Transforming Chaplaincy Fellow interviews Helen Butlin
Listening to Helen Butlin speak about religion and spirituality research feels like sitting at the feet of one of the great spiritual teachers. In our interview, Butlin artfully wove together profound spiritual insights and knowledge about research; it was impossible to decipher where one subject stopped and the other began. With poised expertise, an inquisitive academic’s mind, and a great sense of humor, Helen Butlin is a chaplain and a researcher to follow, as well as an inspiration to the field.
Butlin has worked in spiritual care for twenty years in as an certified interfaith Spiritual Care Practitioner (Canadian Association of Spiritual Care), a spiritual care specialist, a registered psychotherapist, and, most recently, a religion and spirituality (R/S) researcher. She began her clinical work with a residency at St. Michael’s in London, Ontario where her educators stressed the value of translating spiritual needs in a way that medical professionals might understand. She learned that “just doing good work is not enough to show your value as a chaplain; you must be able to show your value through research.”
She began her own forays into research at her second job, when her palliative care coworkers asked her to educate them on the spiritual needs people have in the dying process. This led Butlin to conduct her first literature review and was, according to Butlin, when her “fire got lit” for research. When asked to describe why R/S research is important, she said “we have a very valuable specialty, but a difficult one to distinguish from professional, established discourses of psychology and mental health…research is there for a good purpose and it really helps to generate a collective voice with a strong language about what we do.” It is this collective voice to which she hopes her own R/S research contributes.
Later, when working in an oncology care setting, Butlin was inspired to take her research one step further. She had pioneered and was running a cancer support group called ‘Soul Medicine,’ which utilized different spiritual traditions to help cancer patients uncover their spiritual center. She immediately noticed that profound insights were being generated in the group, and she longed “to capture this spiritual gold – this intelligible wisdom – in a way to put it into practice in oncology care.” She consulted a trusted advisor, Dr. Jeff Nisker, who pointed her to a PhD and became her superviser. They were joined later by a co-supervisor, Dr. Anne Kinsella, who has worked closely with Helen to develop a unique qualitative methodology, ‘hermeneutic-poetic-
Butlin chose to write her dissertation on wisdom as experienced by women because of ovarian cancer’s dire diagnosis and the wisdom that it has generated. She noticed that ovarian cancer patients were often overlooked due to lack of funding and poor prognosis. She also noticed that they tended to have both the most profound wisdom and the greatest need for wisdom in the face of their own potential death. In her words, “they had to get out of bed each day with ovarian cancer and find a reason to hope.” That intangible reason to hope was what intrigued her most. Through her research, she hopes to create space for these patients to share their wisdom within the science-dominated medical field. Butlin hopes to highlight that patients, as much as doctors, have wisdom to bring to the practice of medicine. Practitioners simply need to stop and listen to it. In her article “Searching for Wisdom in Oncology Care: A Scoping Review,” one can get a taste of the “spiritual gold” within her research.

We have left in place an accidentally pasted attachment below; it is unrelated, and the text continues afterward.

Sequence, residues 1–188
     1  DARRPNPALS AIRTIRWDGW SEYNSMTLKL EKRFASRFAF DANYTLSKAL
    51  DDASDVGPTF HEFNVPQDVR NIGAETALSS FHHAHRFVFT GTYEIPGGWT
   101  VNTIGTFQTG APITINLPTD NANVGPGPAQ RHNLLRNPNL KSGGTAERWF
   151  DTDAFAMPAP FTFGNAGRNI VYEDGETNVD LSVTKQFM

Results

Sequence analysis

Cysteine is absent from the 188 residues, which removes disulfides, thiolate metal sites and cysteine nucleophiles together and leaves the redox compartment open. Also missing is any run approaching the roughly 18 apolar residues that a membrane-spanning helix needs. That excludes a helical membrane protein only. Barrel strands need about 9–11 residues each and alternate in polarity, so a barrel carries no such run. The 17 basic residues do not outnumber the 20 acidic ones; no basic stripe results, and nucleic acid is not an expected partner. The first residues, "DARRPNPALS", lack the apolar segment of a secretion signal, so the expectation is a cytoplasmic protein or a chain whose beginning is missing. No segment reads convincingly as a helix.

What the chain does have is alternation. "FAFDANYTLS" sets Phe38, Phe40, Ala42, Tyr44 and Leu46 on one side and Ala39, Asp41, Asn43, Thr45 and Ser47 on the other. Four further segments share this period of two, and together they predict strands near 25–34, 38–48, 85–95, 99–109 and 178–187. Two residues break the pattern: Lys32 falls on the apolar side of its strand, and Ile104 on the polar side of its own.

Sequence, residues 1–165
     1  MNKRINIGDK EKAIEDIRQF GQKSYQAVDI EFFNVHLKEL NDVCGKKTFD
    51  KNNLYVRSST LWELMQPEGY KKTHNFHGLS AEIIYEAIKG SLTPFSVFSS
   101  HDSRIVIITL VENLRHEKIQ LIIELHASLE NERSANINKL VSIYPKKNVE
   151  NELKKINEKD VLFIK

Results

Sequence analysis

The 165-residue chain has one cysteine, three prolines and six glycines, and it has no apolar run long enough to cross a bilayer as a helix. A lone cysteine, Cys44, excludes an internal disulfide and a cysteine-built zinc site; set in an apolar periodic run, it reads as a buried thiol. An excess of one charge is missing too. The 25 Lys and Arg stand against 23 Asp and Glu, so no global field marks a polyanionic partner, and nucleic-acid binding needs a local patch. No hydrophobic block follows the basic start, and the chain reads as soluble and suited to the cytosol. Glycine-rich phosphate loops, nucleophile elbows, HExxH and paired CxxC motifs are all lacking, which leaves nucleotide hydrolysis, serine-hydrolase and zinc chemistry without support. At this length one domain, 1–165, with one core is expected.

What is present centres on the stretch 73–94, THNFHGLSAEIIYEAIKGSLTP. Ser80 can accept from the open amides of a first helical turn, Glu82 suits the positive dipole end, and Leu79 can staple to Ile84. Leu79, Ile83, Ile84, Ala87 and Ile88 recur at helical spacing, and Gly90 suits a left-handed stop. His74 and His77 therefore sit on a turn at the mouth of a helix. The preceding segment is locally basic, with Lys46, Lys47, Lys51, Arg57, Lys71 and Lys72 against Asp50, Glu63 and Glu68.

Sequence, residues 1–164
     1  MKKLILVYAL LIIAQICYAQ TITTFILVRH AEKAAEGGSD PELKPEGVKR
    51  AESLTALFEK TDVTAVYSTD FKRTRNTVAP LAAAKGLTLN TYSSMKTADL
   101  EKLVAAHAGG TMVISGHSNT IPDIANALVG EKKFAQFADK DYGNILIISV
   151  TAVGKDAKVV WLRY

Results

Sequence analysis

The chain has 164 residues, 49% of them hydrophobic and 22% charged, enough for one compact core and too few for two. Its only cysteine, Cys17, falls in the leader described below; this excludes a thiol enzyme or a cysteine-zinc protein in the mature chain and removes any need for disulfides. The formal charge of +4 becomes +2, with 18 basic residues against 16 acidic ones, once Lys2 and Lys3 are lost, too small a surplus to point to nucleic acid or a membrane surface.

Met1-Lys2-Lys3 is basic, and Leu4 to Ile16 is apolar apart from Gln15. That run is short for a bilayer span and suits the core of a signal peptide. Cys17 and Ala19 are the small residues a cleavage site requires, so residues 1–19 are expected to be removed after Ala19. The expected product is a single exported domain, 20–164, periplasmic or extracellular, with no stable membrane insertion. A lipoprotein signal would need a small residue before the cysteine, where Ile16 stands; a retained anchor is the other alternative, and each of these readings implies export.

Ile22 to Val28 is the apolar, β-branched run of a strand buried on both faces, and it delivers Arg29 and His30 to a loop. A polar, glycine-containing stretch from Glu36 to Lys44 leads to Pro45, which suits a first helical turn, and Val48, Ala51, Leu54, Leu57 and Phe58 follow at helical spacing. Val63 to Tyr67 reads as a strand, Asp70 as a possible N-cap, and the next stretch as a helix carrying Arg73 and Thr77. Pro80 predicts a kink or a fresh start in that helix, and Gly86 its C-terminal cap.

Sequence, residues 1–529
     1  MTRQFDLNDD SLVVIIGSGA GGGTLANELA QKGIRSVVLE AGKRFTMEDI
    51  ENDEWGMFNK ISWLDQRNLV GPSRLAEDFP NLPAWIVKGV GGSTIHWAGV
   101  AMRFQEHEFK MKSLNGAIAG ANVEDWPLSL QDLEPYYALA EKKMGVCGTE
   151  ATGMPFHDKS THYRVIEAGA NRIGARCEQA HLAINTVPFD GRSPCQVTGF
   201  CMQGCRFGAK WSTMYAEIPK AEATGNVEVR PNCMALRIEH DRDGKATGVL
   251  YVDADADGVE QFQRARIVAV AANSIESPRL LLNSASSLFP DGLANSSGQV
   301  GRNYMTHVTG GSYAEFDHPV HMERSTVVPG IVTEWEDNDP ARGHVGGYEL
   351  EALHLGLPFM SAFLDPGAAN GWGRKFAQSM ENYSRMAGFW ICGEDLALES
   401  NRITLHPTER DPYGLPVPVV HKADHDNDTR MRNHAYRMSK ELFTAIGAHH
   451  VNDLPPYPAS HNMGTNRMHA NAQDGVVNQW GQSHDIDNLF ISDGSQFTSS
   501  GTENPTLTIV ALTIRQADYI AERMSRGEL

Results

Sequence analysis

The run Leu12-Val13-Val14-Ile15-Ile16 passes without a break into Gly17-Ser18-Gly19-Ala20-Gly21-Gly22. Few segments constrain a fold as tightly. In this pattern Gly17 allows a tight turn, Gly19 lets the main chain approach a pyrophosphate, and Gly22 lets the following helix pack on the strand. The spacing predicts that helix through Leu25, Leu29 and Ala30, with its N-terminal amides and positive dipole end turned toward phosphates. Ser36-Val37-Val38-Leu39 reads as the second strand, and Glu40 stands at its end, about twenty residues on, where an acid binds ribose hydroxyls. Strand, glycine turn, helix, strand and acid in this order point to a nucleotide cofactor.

However, while Butlin brings a wealth of experience to her work, she does not think that research is only for PhDs. Instead, she offers an inspiring invitation for all chaplains to join this important work. She said “We are in another phase on our planet. It is not unique, but it a constellation of events on the planet that are calling all of us to stand firmly grounded in the values of what is humane, and what is preserving of the human dignity of every person. Chaplains have a huge amount to contribute to that…by being dedicated in our profession and context. Research is critical to that. That gives us a voice in the conversation. But let’s make it creative. Let’s make it unique. Let’s make it about the spirit. The spirit of being human…do what you are passionate about. If you are about numbers and saving dollars, please do that. If you are not, don’t try to fit yourself into a box. Find what you are passionate about.”
Butlin is a perfect example of finding what she is passionate about. Research on wisdom can at times seem to be an intangible field. However, she places this important concept into research paradigms and finds ways to describe both artfully and scientifically what chaplains know to be important to the field: wisdom.
To learn more about Helen, check out her co-authored book featured at juststay.ca.